My sofa is solid navy blue and also solid fabric - - a kitty cat would turn that into a giant scratching post the moment I’d turn my back. Then the naughty kitty cat would get hurled off a 50th story balcony and I would get in trouble.

There’s an animal shelter within walking distance of my apartment that blatantly displays all their adorable kitties and puppies in the big glass windows. I swear, they deliberately put their beagles and basset hounds right where you can see them. As you walk by, they whimper in their little beagle voices, “Take meeeee! Take me home with youuuuu!”

I know that if Miss Healthypants drags me to the shelter, I’ll be walking out with a damn cat.

Tuesday, April 21, 2009

Dvorak Update

It’s been about six weeks since I decided to try “converting” to the Dvorak keyboard and I thought I’d give you an update. I just know you’ve all been waiting on pins and needles, ever so anxious to know how it’s been going.

For those of you who don’t leap on my blog every day breathlessly devouring every word I write, I’ll tell you a little bit about this Dvorak thing of which I speak.

It’s a different keyboard layout that is much more efficient to type on. Your fingers actually travel 80 percent less using Dvorak because of the way it’s laid out.

Here it is:

I decide to learn this keyboard and I will admit that it’s been a very interesting experience so far.

First of all, it’s been incredibly difficult to un-learn 36 years of qwerty typing, especially since I could purtle along at 80 – 100 wpm. (Yes, I am bragging)

I had read all these reports claiming that Dvorak was so incredibly easy to learn and that you’d soon be blazing away faster than you had ever typed before.

Even though I've been practicing about two hours a day, that wasn’t happening with me and I finally figured out why.

I’m old.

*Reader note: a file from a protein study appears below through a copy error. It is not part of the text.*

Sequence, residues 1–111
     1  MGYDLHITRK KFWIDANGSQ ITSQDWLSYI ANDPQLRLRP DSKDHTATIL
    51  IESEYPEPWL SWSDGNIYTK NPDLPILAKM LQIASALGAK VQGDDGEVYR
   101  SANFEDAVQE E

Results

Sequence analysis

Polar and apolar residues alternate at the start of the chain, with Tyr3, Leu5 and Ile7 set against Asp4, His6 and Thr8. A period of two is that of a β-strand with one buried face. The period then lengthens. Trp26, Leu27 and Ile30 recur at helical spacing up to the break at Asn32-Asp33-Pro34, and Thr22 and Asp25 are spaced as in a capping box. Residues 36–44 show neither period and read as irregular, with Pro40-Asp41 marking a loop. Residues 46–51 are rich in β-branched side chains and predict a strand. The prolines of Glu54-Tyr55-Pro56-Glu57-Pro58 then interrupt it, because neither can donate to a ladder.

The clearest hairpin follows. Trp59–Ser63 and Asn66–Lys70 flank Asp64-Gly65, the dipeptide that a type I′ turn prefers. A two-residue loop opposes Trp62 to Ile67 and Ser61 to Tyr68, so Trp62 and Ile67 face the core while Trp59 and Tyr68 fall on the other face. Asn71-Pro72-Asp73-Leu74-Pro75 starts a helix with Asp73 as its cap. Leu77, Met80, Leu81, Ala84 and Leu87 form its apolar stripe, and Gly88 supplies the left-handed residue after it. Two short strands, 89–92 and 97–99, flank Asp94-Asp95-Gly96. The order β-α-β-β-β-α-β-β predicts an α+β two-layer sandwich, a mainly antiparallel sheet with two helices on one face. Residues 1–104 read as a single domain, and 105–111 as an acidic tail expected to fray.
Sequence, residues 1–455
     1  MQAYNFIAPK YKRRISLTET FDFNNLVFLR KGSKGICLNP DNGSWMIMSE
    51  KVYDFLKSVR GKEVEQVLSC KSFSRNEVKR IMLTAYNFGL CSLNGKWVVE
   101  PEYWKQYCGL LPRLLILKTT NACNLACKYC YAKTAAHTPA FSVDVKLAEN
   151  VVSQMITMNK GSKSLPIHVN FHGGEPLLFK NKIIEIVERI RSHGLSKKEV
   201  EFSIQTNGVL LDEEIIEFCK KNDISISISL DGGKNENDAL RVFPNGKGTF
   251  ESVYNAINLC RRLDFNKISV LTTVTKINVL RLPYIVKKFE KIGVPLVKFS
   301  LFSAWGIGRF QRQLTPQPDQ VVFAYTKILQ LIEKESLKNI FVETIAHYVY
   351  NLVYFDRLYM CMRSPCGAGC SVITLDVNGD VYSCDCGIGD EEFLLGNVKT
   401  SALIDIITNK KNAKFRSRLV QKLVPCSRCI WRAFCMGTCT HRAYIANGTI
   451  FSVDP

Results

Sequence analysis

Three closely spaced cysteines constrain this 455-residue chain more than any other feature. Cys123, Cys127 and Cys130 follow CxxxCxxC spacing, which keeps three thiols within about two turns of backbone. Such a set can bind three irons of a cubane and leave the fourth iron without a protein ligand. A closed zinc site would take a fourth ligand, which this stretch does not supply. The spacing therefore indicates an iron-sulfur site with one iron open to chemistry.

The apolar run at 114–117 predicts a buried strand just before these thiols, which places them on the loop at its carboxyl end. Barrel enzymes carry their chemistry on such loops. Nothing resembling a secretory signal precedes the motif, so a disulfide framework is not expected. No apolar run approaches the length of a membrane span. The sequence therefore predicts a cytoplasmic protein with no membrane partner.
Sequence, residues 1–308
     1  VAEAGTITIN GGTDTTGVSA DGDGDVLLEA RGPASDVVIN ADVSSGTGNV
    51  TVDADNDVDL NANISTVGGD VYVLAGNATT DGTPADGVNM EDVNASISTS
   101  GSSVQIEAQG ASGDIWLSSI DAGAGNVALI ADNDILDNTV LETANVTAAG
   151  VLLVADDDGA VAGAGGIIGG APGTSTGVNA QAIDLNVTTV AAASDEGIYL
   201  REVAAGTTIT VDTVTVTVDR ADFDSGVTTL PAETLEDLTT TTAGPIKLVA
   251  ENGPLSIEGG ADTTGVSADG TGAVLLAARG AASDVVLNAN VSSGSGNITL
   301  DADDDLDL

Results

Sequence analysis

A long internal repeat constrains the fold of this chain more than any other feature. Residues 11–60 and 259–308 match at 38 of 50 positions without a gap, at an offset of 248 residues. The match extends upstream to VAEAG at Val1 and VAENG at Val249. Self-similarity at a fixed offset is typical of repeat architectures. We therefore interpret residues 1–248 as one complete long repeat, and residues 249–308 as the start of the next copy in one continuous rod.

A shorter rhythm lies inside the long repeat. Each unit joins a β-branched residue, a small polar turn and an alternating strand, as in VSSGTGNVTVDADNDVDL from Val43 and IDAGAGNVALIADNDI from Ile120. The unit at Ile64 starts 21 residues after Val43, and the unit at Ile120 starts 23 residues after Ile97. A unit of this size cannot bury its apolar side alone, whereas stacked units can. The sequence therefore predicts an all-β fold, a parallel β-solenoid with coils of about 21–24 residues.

I’ve probably been typing a lot longer than any of the people who wrote these claims. Also, they probably learned “keyboarding” rather than typing. Additionally, I doubt than any of them had ever been bona fide typists in the classical sense.

I learned actual typing on an old-fashioned manual typewriter where you really had to bang some letters. Perhaps that had “engrained” the qwerty layout much more deeply into the recesses of the old gray matter.

At any rate, it has really been a challenge but one that I’ve really enjoyed taking on. I can now touch-type at a blinding 30 wpm using Dvorak. What’s really interesting is that I’ve lost the ability to type in qwerty.

I feel like I'm in limbo; an astronaut on the dark side of the moon.

I thought about giving it all up until I read an essay from a woman who could type at 100+ wpm on qwerty and made the change. She said that after two months she could type at 50 wpm and had regained her speed back after three months.

I’m pretty much on track.

So, why am I spending so much time and energy learning this?

OOOooo! I’m so glad you asked!

There are several reasons:

1. It’s similar to learning another language, only this one involves finger-action. For me, that’s like playing the piano.

2. I love the way it feels to type on the Dvorak keyboard. Take a look at it again.

Now imagine your index fingers on the ‘u’ and he ‘h’ and type the word “months” and “these”. Isn’t that the most incredible thing EVER???

3. Typing on a Dvorak keyboard is different from the norm. The normative of anything has never been appealing to me.

4. I’d like to eventually get my speed well above 100 wpm which is pretty impossible to do on qwerty. However, the Guinness world record is held by Barbara Blackburn at 212 wpm which she was able to do using a Dvorak keyboard.

Frankly, I’d love a job as a transcriptionist. Maybe if I become really proficient at Dvorak, I can get a part time job doing just that and working from home.

Sigh . . . we all have dreams. Mine just happen to be excruciatingly nerdy.

I’ll keep you posted.


Springtime in Chicago

Ah! There's nothing quite like Springtime here in the southern part of the northeastern Midwest.

Tourist boats are a-floating . . .

Pansies are a-blooming . . .

And there's a ninety percent chance of snow today.

Saturday, April 18, 2009

I Had To Do It

I will be the first to admit that I love love LOVE Susan Boyle and everything she represents. I'll freely admit that I instantly got teary-eyed when she sang on Larry King last night.

So, of course, I had to satirize the phenomenon:

Boyle Quickly Takes To Celebrity Life
by Buckner Wheat

GLASGOW - Within days of becoming a worldwide sensation, Scottish singing contestant, Susan Boyle, appears to be embracing the life of a celebrity by emulating the notorious activities of Hollywood’s most famous.